Tol'able David is a 1921 silent film directed by Henry King, based on a short story by Joseph Hergesheimer. Richard Barthelmess stars as David Kinemon, a teenaged boy in the bucolic rural town of Greenstream, Virginia, who lives with his parents and his older brother Allan. David longs to prove himself as a man, but his family still looks at him as a boy, and only "tol'able" (tolerable). David courts pretty Esther Hatburn, who lives on the farm next door, but she too sees him only as "tol'able". Allan won't let David help with the family business—driving the mail cart around the area—and when Allan's wife has a baby, David is judged too young to have a celebratory cigar.
Things turn quite a bit darker when three criminal Hatburn cousins flee across the state line into Greenstream and commandeer the family farm where Esther and her grandfather live. Grandpa Hatburn is too scared to do anything about his criminal cousins, and nobody else does anything until Luke Hatburn, the most unhinged of the three hoodlums, kills David's dog. An outraged Allan vows revenge, which is short-circuited when Luke throws a large rock that hits Allan in the back, leaving him paralyzed from the waist down. Things get even worse when Pa Kinemon suffers a fatal heart attack from the stress. The situation further deteriorates for David, until he has a final confrontation with the Hatburn clan.
Tol'able David is considered one of the great works of American silent film, and was selected for preservation in the National Film Registry. Compare Stark Love, a 1927 film also in the Registry that offers a far darker take on life in Appalachia.
- Attempted Rape: Luke Hatburn is about to attack his cousin Esther when he is pulled away by the sound of the gunshots coming from the Hatburn cabin. David has shot and killed the other two Hatburns.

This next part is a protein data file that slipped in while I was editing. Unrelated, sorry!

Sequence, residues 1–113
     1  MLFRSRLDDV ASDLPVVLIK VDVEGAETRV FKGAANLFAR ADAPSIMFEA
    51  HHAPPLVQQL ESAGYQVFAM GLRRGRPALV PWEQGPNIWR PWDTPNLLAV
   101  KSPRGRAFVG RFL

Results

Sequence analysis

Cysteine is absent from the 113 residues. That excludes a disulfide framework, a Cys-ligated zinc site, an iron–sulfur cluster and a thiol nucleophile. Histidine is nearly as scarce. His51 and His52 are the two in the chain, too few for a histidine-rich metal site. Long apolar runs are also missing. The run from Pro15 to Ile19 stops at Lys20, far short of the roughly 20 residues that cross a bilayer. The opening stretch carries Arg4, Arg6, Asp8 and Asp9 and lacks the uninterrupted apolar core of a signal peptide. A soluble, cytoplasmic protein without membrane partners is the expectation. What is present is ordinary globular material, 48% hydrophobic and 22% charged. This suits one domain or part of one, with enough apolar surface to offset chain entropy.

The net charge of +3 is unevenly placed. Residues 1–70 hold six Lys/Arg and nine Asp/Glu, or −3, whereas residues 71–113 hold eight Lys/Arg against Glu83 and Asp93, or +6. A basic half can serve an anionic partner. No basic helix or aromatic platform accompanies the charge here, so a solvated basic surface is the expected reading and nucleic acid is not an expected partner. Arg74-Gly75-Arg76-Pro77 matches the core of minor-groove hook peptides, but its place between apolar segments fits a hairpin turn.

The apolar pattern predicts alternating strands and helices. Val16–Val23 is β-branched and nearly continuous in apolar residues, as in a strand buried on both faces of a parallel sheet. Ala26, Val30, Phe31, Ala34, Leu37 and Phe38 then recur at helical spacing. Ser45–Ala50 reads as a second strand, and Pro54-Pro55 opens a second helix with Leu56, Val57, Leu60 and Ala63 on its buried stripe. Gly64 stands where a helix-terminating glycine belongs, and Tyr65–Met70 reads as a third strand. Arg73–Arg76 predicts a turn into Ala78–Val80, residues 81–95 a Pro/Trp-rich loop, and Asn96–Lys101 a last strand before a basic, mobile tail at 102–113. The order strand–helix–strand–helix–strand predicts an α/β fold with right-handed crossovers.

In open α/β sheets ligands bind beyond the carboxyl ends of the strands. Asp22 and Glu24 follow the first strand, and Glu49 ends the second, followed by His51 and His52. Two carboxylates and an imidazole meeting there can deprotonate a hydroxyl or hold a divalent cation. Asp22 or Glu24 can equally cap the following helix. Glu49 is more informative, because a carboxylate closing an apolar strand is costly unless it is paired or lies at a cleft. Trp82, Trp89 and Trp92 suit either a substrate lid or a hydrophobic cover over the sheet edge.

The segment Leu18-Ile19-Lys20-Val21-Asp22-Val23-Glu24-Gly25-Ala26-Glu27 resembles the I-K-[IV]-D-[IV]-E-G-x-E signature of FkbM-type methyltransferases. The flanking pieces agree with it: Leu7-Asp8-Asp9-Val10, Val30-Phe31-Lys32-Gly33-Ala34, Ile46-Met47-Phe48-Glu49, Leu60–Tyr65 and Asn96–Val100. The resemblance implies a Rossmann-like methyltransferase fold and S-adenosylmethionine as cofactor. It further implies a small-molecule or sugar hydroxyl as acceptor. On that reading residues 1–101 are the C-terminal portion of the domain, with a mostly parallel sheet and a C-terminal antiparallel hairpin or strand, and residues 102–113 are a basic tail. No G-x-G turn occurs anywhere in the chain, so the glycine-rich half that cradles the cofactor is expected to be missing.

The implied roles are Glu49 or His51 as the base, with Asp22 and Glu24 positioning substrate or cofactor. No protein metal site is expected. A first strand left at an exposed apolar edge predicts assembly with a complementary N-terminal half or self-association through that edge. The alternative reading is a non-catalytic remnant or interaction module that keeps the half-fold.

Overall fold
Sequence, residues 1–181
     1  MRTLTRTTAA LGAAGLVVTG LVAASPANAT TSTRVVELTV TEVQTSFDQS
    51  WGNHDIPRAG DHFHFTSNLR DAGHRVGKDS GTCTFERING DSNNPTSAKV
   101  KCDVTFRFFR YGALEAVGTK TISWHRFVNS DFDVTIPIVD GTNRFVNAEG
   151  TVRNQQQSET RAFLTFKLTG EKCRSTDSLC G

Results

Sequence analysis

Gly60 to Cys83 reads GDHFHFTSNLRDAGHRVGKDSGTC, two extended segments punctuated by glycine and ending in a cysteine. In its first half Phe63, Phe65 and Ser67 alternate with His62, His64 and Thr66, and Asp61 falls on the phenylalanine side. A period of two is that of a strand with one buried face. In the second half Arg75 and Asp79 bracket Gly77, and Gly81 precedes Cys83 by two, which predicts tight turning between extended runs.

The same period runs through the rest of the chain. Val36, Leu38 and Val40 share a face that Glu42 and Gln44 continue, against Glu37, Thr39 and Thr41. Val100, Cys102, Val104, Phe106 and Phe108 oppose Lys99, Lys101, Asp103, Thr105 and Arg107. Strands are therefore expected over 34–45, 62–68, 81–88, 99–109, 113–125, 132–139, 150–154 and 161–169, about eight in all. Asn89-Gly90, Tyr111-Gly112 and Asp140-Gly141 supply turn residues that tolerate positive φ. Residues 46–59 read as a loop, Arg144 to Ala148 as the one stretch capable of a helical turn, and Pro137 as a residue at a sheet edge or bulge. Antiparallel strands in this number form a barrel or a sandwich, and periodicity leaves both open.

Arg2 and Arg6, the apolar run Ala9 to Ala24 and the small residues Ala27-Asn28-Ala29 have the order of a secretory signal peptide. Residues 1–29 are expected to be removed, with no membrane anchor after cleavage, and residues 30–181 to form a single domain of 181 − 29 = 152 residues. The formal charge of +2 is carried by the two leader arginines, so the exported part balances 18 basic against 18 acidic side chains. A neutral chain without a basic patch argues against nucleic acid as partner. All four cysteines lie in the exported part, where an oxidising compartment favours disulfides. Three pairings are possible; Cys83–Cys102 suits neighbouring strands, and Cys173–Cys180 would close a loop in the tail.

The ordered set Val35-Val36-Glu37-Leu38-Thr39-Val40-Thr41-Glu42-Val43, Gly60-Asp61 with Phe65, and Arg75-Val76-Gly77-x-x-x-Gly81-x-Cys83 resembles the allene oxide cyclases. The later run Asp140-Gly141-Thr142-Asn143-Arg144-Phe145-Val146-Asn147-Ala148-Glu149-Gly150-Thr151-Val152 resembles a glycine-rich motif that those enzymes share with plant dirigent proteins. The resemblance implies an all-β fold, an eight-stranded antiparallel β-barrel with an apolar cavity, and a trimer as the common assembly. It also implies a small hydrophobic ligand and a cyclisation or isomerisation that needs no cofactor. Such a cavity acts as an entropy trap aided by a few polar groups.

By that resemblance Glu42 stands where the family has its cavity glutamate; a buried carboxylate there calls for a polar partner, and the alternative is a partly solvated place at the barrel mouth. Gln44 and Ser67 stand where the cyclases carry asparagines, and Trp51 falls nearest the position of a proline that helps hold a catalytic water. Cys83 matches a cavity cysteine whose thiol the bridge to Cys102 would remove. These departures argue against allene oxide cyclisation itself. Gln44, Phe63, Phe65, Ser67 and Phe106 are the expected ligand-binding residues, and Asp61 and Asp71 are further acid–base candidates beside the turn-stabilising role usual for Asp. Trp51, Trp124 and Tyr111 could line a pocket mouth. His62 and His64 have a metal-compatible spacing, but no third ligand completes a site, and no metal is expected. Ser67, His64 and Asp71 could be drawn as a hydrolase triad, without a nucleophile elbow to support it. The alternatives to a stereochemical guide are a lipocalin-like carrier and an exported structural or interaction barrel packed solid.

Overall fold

- Dances and Balls: Esther has gone to the town dance, but David, who blames her for the harm her hoodlum cousins brought to his family, can't bring himself to go inside and face her. In one of the more memorable scenes in the movie, he lurks outside the dance hall, dancing by himself.
- Disappeared Dad/Missing Mom: No clue as to where Esther's parents are.
- Down on the Farm: Beautiful Greenstream, nestled in a peaceful valley, populated by simple farm folk.
- Foreshadowing: David reads the story of David and Goliath, which foreshadows his brutal fight with his own Goliath, the hulking Luke Hatburn.
- Gone Swimming, Clothes Stolen: An interesting variant on this trope—David goes for a dip in the local swimming hole. His dog then proceeds to run off with his pants.
- Heroic BSoD: Allan's wife goes into a catatonic trance after he's brought back home, crippled. (The shot of her breastfeeding the baby is a reminder of how much the movies could get away with before The Hays Code).
- Imagine Spot: David imagines the mail cart as a fine carriage, with himself driving it while decked out in the finest livery.
- Improvised Clothes: David has to put on a barrel after his dog runs off with his pants.
- Kick the Dog: When the Hatburn gang arrives at their cousins' farm, Luke Hatburn, who seems to like killing things, is about to wing a stone at a cat when his brother bumps into him. Later, he kills David's dog for no reason.
- Momma's Boy: Ma Kinemon calls David her "baby" and treats him as such.
- Run for the Border: The Hatburns make it over the state line just ahead of the posse that's chasing them.
- Unstoppable Mail Man: The climax comes when David, who has finally been allowed to drive the mail carriage, has to retrieve the sack of mail when Luke Hatburn steals it. He gets the sack of mail back and gets it to town, but he has to kill all three Hatburns to do it.
- Whole Plot Reference: Harold Lloyd's 1927 comedy The Kid Brother is in many ways one to this film.